In addition to the ECO Substation Project, the CPUC and BLM have determined that the Tule Wind Project, as proposed by Tule Wind, LLC (a subsidiary of Iberdrola Renewables, Inc.), and the Energia Sierra Juarez Generator-Tie (ESJ Gen-Tie) Project, as proposed by Energia Sierra Juarez U.S. Transmission, LLC, are so closely related to the proposed ECO Substation Project as to be considered “connected actions” under NEPA and “whole of the action” under CEQA. Current plans for the Tule Wind Project would tie this project into the proposed Boulevard Substation rebuild component of the ECO Substation Project. As proposed, the ESJ Gen-Tie Project would connect to the ECO Substation 500 kV or 230/138 kV yards component of the ECO Substation Project. These three projects are collectively referred to as the Proposed PROJECT. In addition, the proposed Invenergy and SDG&E Campo Wind Project, as well as the Manzanita Wind Project and Jordan Wind Project, which would connect to the Boulevard Substation Rebuild, are viewed as reasonably foreseeable future projects. The CPUC and BLM have determined that these three wind energy projects are sufficiently developed to analyze impacts where feasible. Therefore, for purposes of this EIR/EIS, the Campo, Manzanita, and Jordan wind energy projects are qualitatively evaluated at a programmatic level because sufficient project-level information has yet to be developed. The proposed Campo, Manzanita, and Jordan wind energy projects will still require project-specific environmental review and evaluation under all applicable environmental regulations once sufficient project-level information is developed. By including these nascent wind projects as components of the Proposed PROJECT, it allows the lead agencies to further consider broad impacts, mitigation, and consequences of the ECO Substation Project specifically, and the Proposed PROJECT as a whole.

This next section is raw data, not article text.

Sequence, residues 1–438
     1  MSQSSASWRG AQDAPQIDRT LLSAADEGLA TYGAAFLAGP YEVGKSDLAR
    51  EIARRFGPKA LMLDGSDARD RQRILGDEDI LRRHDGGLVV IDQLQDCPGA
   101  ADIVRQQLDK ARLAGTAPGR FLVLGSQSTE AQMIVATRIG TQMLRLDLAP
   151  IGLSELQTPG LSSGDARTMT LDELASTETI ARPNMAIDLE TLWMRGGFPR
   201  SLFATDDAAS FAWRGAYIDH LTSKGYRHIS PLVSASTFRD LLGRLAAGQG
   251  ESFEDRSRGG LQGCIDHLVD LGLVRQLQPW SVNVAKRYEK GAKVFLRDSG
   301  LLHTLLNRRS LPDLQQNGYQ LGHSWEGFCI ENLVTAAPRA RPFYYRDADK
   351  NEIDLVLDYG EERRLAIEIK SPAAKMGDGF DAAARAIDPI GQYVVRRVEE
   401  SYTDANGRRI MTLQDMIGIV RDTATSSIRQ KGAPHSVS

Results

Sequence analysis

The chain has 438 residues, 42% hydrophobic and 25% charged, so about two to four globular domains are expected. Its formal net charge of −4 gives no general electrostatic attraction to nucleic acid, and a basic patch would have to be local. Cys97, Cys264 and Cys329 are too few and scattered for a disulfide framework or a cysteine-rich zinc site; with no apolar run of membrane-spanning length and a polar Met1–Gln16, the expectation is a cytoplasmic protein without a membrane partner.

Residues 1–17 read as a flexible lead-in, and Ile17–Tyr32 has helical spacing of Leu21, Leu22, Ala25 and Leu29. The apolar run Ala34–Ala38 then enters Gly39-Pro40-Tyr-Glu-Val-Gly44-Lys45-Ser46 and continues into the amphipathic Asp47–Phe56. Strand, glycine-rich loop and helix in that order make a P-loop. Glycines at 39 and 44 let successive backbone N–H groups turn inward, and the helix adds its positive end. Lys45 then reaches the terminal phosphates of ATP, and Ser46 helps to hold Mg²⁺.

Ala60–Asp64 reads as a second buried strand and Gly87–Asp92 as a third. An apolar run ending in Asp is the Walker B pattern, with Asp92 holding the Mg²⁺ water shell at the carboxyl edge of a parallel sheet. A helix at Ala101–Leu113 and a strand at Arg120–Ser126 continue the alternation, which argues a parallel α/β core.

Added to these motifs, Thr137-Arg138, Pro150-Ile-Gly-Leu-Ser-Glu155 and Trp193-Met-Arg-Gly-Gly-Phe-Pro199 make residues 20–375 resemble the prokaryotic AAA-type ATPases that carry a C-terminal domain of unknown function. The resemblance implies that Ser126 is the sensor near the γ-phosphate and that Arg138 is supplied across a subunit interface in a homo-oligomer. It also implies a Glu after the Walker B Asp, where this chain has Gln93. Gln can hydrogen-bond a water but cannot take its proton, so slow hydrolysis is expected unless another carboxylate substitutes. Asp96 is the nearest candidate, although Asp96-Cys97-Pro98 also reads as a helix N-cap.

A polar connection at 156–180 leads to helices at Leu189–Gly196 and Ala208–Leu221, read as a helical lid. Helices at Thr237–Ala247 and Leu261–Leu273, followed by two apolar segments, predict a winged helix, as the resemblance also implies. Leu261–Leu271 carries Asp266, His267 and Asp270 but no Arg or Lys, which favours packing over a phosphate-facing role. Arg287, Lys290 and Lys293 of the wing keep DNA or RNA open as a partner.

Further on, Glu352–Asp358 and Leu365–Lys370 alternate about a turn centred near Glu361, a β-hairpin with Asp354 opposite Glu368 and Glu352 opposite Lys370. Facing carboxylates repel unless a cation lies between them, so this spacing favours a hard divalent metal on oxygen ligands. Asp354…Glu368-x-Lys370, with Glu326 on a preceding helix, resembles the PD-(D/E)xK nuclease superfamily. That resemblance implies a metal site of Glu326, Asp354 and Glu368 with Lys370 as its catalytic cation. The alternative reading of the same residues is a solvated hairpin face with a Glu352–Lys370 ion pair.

The project location map depicts the location of the ECO Substation, Tule Wind, and ESJ projects, as well as the location of the Campo, Manzanita, and Jordan wind energy projects. This map also depicts ESJ Wind Project components in northern Baja California, Mexico, as potential biological, visual resource, and fire impacts within the U.S. that could be related to or caused by this project are addressed in the ECO Substation, Tule Wind, and ESJ Gen-Tie Projects EIR/EIS.
These projects are analyzed within the same environmental document and are described below.
Tule Wind Project
The proposed Tule Wind Project, consisting of up to 128 wind turbines in the 1.5 to 3.0–megawatt (MW) range generating up to 201 MW of electricity, would be located in the McCain Valley in southeastern San Diego County, California. In addition to wind turbines and associated generator step-up transformers, the Tule Wind Project would include the following components:
For public safety, permanent fences would be erected around the collector substation, meteorological towers, O&M facility, and the equipment storage area.
This project requires a Record of Decision from BLM and a Major Use Permit from the County of San Diego. The County of San Diego could choose to either rely on the CPUC/BLM environmental document to meet their CEQA requirements for its discretionary action under CEQA in consideration of issuing a Major Use Permit (Major Impact Service Utility), as portions of this project are within the County's jurisdiction, or amend, supplement, and/or prepare additional documentation to meet its environmental compliance needs.
ESJ Gen-Tie Project
As proposed by Energia Sierra Juarez U.S. Transmission, LLC, the ESJ Gen-Tie Project would have the capacity to import up to 1,250 MW of renewable energy generated in northern Baja California, Mexico, to the existing SWPL Transmission Line in southeastern San Diego County, California. The selected route would interconnect with the proposed ECO Substation and would be constructed on three to five 150-foot lattice towers or 170-foot steel monopoles, extending south from the point of interconnection for less than 1 mile to the U.S.-Mexico international border. In addition, approximately 4 miles east of the ESJ Gen-Tie site, a new access route (150 feet by 20 feet) is proposed from Old Highway 80 to an existing well site. Both the access route and the well site are owned by the Jacumba Community Services District. The EIR/EIS addresses the gen-tie line including any potential impacts to the U.S. associated with wind turbines constructed in Mexico.